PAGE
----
first part of Link #1
It took days to figure out where all the bullets flew when a man licensed to carry a gun exchanged shots with a masked 16-year-old boy and killed him on a busy street in Oak Park last year.
Investigators counted about a dozen shell casings outside a bank on Madison Street, according to police reports. They dug bullets from the man’s Buick Regal.
The teen was the only person hit that sunny spring morning as bystanders scattered inside cars and crouched behind a telephone pole. One of the bullets traveled across the street into an office building. It apparently came from one of the shots the man fired over his shoulder as he ran away.
The man, who worked for the Chicago Park District, was released within hours after a prosecutor determined over the phone he had fired in self-defense. Nothing was said about him randomly shooting behind him, even though an investigator later questioned the action. And nothing was reported to the Illinois State Police, even though they oversee the training and licensing of concealed carry holders.
The state police know nothing about the nearly 40 shootings by people with concealed carry licenses since Illinois became the last state to allow them four years ago.
A Tribune review found that most of the shootings have been in public places in the Chicago area, and half the cases have involved concealed carry holders firing to defend themselves or someone else from robbers. At least 11 people have been killed, including a man with a license who tried to fend off carjackers on the West Side.
first part of Link #2
Janique Walker knows the cost of a split second.
Her younger brother, 17-year-old Charles Macklin, was killed while trying to steal a Jeep from a Chicago fire lieutenant on the West Side last August. The lieutenant had left the Jeep running, and Macklin jumped behind the wheel.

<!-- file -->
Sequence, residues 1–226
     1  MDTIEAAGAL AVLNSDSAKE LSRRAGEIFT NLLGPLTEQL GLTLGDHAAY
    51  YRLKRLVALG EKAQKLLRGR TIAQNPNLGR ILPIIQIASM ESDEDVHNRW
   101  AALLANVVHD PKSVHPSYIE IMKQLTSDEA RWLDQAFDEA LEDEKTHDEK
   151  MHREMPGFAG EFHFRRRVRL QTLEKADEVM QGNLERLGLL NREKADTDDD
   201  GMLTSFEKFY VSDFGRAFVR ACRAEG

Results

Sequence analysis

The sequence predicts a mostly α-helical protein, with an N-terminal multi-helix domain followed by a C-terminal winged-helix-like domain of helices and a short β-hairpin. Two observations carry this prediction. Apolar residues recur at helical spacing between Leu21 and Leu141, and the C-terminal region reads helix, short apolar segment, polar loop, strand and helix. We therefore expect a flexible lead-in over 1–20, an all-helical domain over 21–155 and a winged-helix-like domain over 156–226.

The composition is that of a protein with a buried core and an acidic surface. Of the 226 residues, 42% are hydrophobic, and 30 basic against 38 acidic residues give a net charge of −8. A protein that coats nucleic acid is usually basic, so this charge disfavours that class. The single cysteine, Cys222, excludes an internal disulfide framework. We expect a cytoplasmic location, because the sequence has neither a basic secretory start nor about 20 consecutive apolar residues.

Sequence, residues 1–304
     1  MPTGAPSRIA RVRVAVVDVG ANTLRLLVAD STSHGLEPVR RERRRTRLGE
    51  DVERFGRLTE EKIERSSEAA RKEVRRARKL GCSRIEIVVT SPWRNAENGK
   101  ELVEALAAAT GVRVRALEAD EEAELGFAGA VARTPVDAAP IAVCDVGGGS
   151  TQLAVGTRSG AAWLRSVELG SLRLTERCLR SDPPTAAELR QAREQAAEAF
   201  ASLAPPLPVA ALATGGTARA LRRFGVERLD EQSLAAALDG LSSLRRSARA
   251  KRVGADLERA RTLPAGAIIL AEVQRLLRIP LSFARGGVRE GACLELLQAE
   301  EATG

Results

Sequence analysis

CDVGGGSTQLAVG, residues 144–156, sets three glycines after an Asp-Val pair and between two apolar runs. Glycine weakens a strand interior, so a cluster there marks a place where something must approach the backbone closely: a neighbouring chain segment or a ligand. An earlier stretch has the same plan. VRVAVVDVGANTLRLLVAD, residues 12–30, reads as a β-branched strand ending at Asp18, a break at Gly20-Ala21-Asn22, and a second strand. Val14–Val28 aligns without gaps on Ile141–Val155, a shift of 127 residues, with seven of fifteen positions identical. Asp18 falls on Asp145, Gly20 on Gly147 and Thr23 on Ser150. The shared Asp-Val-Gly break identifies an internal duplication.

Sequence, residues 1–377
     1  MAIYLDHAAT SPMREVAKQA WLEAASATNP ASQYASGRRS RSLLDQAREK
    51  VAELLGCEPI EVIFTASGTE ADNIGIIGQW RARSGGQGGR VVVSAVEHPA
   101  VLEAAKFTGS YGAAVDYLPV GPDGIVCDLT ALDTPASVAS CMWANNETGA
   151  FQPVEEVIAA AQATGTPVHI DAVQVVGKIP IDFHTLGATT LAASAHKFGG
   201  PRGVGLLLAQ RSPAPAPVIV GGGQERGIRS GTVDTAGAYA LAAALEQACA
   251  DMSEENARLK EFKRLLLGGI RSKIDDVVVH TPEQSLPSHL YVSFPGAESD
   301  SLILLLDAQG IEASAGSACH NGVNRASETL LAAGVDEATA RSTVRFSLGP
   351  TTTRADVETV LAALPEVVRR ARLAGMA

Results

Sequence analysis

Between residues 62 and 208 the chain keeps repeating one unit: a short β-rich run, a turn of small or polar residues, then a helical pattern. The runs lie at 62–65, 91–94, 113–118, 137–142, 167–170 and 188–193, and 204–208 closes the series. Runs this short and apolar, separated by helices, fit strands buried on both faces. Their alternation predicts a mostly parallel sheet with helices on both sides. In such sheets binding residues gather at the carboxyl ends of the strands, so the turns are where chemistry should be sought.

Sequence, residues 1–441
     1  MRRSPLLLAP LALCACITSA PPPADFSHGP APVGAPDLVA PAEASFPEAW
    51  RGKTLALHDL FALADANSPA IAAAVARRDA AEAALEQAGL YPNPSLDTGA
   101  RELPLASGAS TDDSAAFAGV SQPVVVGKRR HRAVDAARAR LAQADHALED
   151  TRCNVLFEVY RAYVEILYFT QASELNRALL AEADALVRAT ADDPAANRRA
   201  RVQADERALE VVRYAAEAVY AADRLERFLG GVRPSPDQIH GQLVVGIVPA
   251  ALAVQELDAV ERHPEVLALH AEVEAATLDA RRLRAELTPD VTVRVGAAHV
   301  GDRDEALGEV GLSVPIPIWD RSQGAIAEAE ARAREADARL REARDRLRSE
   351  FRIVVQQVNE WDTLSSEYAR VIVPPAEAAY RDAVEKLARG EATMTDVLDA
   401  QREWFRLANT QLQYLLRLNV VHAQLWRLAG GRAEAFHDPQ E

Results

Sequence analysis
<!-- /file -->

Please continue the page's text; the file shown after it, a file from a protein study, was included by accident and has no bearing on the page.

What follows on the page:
The lieutenant ran in front of the Jeep and shouted, “Get out,” according to a police report. When Macklin began pulling away, the lieutenant drew his gun and fired through the open driver’s side window, hitting the teen in the chest.
Macklin’s last words were, “Sorry, bro,” according to the police report. The teen died on the pavement. He did not have a gun on him.
The lieutenant had a concealed carry license. He was not charged and he was not disciplined by the department, according to spokesman Larry Langford.
“That was investigated by us, and we found no violation of any rules,” Langford said. “The police didn’t arrest, the state’s attorney found no reason to charge. There was no wrongdoing as far as the Fire Department is concerned.”
How about you? Do any of you have a problem with the bold part? The reason I ask is that it appears that the Lt. was NOT in immediate danger of being run over as he was to the side of the jeep. "Justified?" I don't know but my inclination is "No".
first part of Link #3
The first shot hit the roof of Brian Warner’s police car, the next slammed into his shoulder.
Warner pumped the brakes hard as his partner bailed from the car. Together, they fired nine shots at the panhandler in the backseat who was holding a gun in his cuffed hands. They hit him five times and killed him.
Warner quit the Chicago Police force not long after the shooting on the North Side in 2011, and says it took a long time to come to grips with what he had done, even though the department said he had done nothing wrong.
“I’m a devout Catholic and it helped me to understand that I’m not a murderer,” Warner said. “I killed to save my life and my partner’s life.”
He believes civilians licensed to carry guns should be directed to the same kind of counseling that helped him — something that is not offered under Illinois’ concealed carry law.
“Whether you’re in law enforcement or a private citizen, you take a life, you’re going to go through something,” Warner said. “We don’t do enough to combat that.”
Edited by JTHunter, 20 June 2018 - 01:58 PM.